Former Pope Benedict is “very ill”, Pope Francis said

Former Pope Benedict is “very ill”, Pope Francis said

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Pope Francis said his predecessor Pope Benedict, the 95-year-old former pontiff who resigned nine years ago, was “very ill” after his health deteriorated on Wednesday.

“I want to ask you for a special prayer for Pope Emeritus Benedict, who supports the Church in his silence. He is very ill,” Francis said during his general audience at the Vatican on Wednesday.

“We ask the Lord to comfort and support him in this testimony of love for the Church until the very end.”

A Vatican spokesman later confirmed that “in the last few hours there has been a deterioration due to (Benedict’s) advancing age.”

“The situation currently remains under control and is continuously monitored by his doctors,” spokesman Matteo Bruni said, adding that Francis had visited his predecessor at the Vatican’s Mater Ecclesiae monastery after his general audience.

In 2013, Pope Benedict XVI shocked the world by making the almost unprecedented decision to step down from his post, citing “advanced age.”

Benedict’s announcement marked the first resignation of a pope in nearly 600 years. The last pope to resign before his death was Gregory XII, who in 1415 resigned to end a civil war in the Catholic Church in which more than one man was claiming to be pope.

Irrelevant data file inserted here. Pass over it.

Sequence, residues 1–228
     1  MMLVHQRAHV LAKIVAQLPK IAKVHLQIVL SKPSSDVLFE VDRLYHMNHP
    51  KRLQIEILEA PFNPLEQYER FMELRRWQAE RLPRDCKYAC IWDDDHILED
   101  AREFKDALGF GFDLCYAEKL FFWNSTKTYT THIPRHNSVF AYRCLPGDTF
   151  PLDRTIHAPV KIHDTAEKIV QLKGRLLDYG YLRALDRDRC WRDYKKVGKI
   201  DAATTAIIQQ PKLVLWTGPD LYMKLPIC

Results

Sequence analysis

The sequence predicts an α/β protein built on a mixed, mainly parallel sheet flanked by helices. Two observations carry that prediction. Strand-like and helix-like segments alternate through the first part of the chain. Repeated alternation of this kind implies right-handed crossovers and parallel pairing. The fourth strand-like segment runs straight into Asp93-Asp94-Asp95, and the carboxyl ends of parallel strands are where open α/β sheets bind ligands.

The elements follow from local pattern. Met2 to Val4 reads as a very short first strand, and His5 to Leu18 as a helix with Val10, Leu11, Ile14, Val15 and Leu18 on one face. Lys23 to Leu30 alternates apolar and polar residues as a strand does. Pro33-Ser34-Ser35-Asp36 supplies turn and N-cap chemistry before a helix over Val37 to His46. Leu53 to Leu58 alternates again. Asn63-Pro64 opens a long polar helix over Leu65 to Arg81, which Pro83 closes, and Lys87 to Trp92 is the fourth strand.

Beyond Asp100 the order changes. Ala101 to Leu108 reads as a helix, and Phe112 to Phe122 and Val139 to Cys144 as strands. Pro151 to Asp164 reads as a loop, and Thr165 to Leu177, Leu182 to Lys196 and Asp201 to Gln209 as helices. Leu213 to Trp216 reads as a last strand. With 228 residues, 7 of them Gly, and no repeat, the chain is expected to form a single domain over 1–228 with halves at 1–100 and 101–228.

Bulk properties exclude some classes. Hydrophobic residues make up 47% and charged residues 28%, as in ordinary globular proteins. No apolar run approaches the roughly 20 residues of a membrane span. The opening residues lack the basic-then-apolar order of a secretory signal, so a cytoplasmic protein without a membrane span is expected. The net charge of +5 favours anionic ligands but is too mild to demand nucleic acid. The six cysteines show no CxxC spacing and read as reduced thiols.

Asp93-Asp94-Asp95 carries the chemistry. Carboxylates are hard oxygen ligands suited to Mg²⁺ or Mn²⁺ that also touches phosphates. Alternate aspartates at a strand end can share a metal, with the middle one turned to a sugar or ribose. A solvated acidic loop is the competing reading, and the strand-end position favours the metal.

In 2020, the Vatican said Benedict had suffered in a “painful but not serious condition”, following reports in the German media that he was ill.

Two years earlier, in a rare public letter published in the Italian newspaper Corriere della Sera, Benedict wrote that “in the slow weakening of my physical strength, inwardly I am on a pilgrimage home.”

Benedict’s legacy has been marred by a recent investigation into his time as archbishop of Munich and Freising between 1977 and 1982, after a Church-commissioned report into abuses by Catholic clergy there was published in January.

The report found that he had been informed of four cases of sexual abuse of minors – including two during his time in Munich – but failed to act, and that he had attended a meeting about an abusive priest.

Benedict later denied these claims, admitting that he had attended the meeting, but denies that he willfully concealed his presence.

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